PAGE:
Since FreeRice became well-known through and other news sources,[1] many programming-adept users created scripts to automatically play the game for them. The scripts operate far faster than humans alone and run for 24 hours a day. At first, the scripts got only ≈1/4 of the words correct by random chance. Eventually, these bots were adapted with automated online dictionary search, dictionary files, and word database dumps so the programs can choose the correct answers the first time more often. The word database dumps were created so when the incorrect answer was chosen, the bots would record the correct answer the next page would show. Thus, the bot would choose the correct answer whenever it happened upon the same words later. Due to the growing number of scripts used on FreeRice, the number of rice donated has remarkably risen. Currently there are no rules governing "ricebots", as they are called. Until those rules are formed, anyone is free to program and use the scripts. With a delay of about 3 seconds between iterations, it is estimated that a script can feed about 8 people per day, if running 24/7.[2] The idea was taken even further to create a multi-threaded bot which can run fifty or more browser instances at a time, enough to produce as much as 600,000 grains of rice per hour or to feed 720 people per day.[3] One script with 1,000 threads was able to donate over 3,000,000 grains in just a few hours.

Donated rice comes from the advertisements from sponsors, therefore abuse of scripts will likely lead to catastrophe, as advertisers prefer that actual people view their advertisements. Knowing the existence of the bots, FreeRice updated their FAQ explaining the potential damage of botting.[4] Some bots have made changes to make sure they won't spoil the FreeRice spirit.[5]

[edit] Malicious purposes

Another, more malicious use of bots is the coordination and operation of an automated attack on networked computers, such as a denial-of-service attack by a botnet. Internet bots can also be used to commit click fraud and more recently have seen usage around MMORPG games as computer game bots. A spambot is an internet bot that attempts to spam large amounts of content on the Internet, usually adding advertising links.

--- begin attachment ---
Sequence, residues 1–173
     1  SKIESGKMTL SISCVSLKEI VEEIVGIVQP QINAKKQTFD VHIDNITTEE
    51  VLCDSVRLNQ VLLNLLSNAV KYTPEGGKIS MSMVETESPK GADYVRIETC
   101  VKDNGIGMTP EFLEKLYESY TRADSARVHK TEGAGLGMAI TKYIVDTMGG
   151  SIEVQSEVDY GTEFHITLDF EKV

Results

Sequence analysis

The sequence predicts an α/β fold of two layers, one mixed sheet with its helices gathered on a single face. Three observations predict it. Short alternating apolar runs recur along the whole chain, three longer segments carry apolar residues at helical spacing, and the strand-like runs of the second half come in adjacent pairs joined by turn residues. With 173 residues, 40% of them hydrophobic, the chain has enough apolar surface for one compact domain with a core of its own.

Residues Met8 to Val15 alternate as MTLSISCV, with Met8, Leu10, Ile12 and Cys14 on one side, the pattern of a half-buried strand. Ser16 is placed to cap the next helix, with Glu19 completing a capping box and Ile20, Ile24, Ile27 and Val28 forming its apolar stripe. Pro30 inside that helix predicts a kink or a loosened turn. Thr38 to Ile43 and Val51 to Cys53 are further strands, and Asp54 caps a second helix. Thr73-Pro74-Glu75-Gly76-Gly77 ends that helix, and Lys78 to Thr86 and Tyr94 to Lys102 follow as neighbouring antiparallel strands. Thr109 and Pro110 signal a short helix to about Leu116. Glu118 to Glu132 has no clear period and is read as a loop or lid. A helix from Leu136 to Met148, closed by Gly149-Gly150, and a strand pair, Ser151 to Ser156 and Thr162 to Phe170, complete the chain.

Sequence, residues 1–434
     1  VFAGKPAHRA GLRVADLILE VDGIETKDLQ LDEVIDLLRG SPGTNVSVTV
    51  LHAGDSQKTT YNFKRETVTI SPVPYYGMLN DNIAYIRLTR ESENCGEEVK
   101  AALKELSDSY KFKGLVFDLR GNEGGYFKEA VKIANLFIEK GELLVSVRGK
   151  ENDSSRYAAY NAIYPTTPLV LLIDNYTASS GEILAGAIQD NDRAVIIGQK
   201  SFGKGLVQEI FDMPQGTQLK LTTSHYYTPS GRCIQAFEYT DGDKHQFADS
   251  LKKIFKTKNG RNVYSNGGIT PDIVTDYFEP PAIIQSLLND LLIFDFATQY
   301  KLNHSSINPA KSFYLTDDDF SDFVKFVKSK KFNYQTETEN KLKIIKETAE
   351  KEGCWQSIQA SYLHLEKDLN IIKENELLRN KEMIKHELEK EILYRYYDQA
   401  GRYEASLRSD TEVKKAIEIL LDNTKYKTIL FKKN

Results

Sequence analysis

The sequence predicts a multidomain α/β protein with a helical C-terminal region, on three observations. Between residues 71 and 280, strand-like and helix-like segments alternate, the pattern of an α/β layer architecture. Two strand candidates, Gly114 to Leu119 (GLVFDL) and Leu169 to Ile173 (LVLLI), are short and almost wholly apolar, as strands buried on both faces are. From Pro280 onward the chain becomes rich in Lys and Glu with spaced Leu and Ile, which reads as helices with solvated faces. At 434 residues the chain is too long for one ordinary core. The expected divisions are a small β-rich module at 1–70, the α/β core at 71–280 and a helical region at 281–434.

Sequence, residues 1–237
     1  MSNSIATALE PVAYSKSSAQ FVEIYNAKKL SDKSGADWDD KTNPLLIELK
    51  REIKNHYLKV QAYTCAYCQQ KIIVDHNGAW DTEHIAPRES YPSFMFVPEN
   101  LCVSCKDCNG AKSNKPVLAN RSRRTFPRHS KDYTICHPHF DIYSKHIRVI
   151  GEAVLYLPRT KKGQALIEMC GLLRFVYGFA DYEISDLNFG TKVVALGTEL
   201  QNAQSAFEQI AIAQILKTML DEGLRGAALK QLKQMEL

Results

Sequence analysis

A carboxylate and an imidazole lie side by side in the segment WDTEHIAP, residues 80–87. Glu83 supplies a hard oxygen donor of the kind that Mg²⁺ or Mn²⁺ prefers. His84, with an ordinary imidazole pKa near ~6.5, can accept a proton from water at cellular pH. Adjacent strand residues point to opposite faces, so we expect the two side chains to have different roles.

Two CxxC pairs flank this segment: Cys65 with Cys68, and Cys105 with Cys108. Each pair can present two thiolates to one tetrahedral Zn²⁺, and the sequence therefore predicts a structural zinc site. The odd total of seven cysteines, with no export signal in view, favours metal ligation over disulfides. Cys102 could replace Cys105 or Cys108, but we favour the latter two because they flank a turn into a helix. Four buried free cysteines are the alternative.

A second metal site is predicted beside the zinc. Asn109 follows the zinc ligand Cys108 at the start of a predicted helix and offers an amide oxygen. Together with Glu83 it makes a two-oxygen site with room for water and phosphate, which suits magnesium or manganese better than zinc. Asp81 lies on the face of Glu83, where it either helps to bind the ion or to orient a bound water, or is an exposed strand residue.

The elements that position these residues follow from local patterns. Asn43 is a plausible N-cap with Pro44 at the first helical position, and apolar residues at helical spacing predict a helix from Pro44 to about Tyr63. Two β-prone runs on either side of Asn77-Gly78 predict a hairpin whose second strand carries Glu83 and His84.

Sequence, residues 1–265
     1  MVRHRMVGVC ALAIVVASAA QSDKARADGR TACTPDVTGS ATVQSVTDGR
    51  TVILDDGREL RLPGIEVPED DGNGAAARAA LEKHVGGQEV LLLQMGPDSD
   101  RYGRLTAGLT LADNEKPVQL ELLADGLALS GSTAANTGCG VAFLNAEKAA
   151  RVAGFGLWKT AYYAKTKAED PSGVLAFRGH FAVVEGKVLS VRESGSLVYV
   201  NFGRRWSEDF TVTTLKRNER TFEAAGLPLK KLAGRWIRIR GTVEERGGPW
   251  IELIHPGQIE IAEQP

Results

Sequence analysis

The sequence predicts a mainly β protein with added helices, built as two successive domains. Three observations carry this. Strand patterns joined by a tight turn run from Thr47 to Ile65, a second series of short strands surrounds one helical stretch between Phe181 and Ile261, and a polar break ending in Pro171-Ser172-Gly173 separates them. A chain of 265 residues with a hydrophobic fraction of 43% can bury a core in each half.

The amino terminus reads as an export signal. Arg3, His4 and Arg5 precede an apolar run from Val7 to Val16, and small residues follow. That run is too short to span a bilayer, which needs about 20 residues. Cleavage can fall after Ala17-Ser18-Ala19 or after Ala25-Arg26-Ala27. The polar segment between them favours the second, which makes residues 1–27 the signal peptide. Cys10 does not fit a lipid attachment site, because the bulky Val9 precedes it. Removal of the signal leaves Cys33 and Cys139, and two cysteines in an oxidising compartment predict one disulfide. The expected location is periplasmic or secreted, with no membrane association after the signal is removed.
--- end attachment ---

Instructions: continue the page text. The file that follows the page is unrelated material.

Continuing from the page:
• There are malicious bots (and botnets) of the following types:
  1. Spambots that harvest email addresses from contact forms or guestbook pages
  2. Downloader programs that suck bandwidth by downloading entire web sites
  3. Web site scrapers that grab the content of web sites and re-use it without permission on automatically generated doorway pages
  4. Viruses and worms
  5. DDoS attacks
  6. Botnets / zombie computers; etc.
  • Bots are also used to buy up good seats for concerts, particularly by ticket brokers who resell the tickets. Bots are employed against entertainment event-ticketing sites, like The bots are used by ticket brokers to unfairly obtain the best seats for themselves while depriving the general public from also having a chance to obtain the good seats. The bot runs through the purchase process and obtains better seats by pulling as many seats back as it can.
  • Bots are often used in Massively Multiplayer Online Roleplaying Games to farm for resources that would otherwise take significant time or effort to obtain; this is a concern for most online in-game economies.

The most widely used anti-bot technique is the use of CAPTCHA, which is a form of Turing test used to distinguish between a human user and a less-sophisticated AI-powered bot, by the use of graphically encoded human-readable text.

[edit] Bots in popular culture

  • The Basshunter song Boten Anna makes many references to IRC Bots, but confusingly also features the singer riding a boat.

[edit] See also

[edit] References

[edit] External links